Toby Flood: Time to prove we can swim with the really big fish

Inside the Camp
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The Independent Online

The England squad survived shark diving on Wednesday, now we have got to find a way of dealing with the Australians in Sydney today and making up for the disappointment of last weekend.

We came face to face with three-metre long jagged teeth sharks in Manly Aquarium which was an amazing experience and actually rounded off a pretty good week on the training field.

We have got last Saturday out of our system. We didn't give a good account of ourselves and on Monday and Tuesday had a good set of meetings and reviews to sort out what went wrong. When a game is reviewed anyone can have a say. The coaches and senior players talk the most, but giving everyone the opportunity to stand up and voice their opinion is something that Martin Johnson encourages. He wants everyone to have the freedom to talk – to foster an atmosphere that everybody is in this together.

In Perth we did not work together – backs and forwards – as a cohesive unit and became too narrow minded, one-track minded in fact. It began badly as we let them dictate the early play. They had all the early momentum and possession and we were missing tackles and making mistakes. If you are attacking non-stop for the first 30 or so minutes as they were, it feels great. If you are defending – as we were – it feels like an age. It was tougher.

Matt Giteau's return for Australia just adds more strength to their backline. It is an excellent line-up but having said that I really don't think there is a cultural difference in the way we play in the UK and the way they play down here. It is more down to circumstances.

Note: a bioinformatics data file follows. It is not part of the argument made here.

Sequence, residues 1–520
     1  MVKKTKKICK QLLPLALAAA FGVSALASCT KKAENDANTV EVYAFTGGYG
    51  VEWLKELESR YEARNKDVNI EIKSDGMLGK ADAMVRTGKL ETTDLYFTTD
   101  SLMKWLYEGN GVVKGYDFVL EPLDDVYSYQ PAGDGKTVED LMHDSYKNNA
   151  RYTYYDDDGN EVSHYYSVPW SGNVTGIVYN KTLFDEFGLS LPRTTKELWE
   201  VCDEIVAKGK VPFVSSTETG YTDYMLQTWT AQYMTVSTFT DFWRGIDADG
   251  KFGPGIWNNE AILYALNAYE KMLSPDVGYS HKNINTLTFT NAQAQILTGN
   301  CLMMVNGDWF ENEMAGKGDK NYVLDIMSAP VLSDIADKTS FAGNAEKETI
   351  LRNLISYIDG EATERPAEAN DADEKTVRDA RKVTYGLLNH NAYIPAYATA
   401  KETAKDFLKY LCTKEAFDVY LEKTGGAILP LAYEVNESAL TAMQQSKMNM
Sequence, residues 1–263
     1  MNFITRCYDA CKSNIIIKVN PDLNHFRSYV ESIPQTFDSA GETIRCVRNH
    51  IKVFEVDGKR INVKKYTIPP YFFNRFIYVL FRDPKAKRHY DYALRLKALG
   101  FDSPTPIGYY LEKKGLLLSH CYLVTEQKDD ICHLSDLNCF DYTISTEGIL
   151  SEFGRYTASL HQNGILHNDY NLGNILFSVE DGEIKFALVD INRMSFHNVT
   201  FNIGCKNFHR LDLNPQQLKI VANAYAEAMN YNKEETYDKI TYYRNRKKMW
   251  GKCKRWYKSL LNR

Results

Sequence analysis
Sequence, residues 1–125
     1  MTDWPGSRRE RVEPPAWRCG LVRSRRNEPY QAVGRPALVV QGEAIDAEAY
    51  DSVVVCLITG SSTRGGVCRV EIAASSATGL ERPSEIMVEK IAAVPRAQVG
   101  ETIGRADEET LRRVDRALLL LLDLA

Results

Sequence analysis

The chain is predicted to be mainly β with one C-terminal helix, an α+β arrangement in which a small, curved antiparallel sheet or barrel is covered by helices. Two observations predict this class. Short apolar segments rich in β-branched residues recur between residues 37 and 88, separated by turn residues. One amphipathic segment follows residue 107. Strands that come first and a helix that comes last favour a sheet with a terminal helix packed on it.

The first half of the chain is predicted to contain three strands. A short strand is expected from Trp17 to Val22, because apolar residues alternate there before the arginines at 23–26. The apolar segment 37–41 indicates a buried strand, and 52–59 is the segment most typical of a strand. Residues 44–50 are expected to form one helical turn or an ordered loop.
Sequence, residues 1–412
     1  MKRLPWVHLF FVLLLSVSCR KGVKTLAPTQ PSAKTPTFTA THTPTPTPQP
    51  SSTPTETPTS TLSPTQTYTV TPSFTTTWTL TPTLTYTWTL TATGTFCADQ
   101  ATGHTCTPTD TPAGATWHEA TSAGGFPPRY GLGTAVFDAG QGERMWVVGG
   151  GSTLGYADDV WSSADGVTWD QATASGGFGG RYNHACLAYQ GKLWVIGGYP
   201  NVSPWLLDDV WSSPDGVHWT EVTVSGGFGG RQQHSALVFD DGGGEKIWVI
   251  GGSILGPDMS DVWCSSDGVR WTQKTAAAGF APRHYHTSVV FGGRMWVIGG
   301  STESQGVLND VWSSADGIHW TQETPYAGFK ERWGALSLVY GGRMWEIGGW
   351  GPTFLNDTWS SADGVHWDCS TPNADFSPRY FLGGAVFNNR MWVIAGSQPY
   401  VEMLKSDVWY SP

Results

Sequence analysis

Rugby is a winter game – winter down here in Sydney is blue skies and warm days. Winter at home is wet, cold and windy. Playing in sleet and snow does not encourage free-flowing rugby by any stretch of the imagination. At the end of the season back home, when the grounds get harder, there is more running rugby. Perhaps it is more conditions than culture.

But in Sydney today we will not shy away from our advantage up front because of what happened last week. This is international rugby – if you have an advantage you use it, you would be foolish not to, but we need to be smarter in the way we play, and we have to get some good early ball unlike the first Test.

It was so disappointing in Perth because we do have a chance of winning over here. It really hurt, both personally and as a team, that we did not perform. The team did not get into a rhythm until too late, and neither did I. I felt that there was a lot more I could have done. As the No 10 you are aware of your responsibilities and the expectation that surrounds the position, but tomorrow will be my 31st cap so I am accustomed to it by now.

Johnno is also well used to all of this and, as a player, he gives you no idea of any pressure he may be under. He could carry the weight of the world on his shoulders and not let on. He has not changed one bit in training.

Ben Youngs, my room-mate and club-mate, deserves his chance at No 9. He was our player of the season at Leicester and had a great year. We know each other inside out and I know how he is going to behave on the pitch. He will not be affected by nerves at all. He's been a pretty good room-mate too – doesn't stay up too late, and doesn't snore!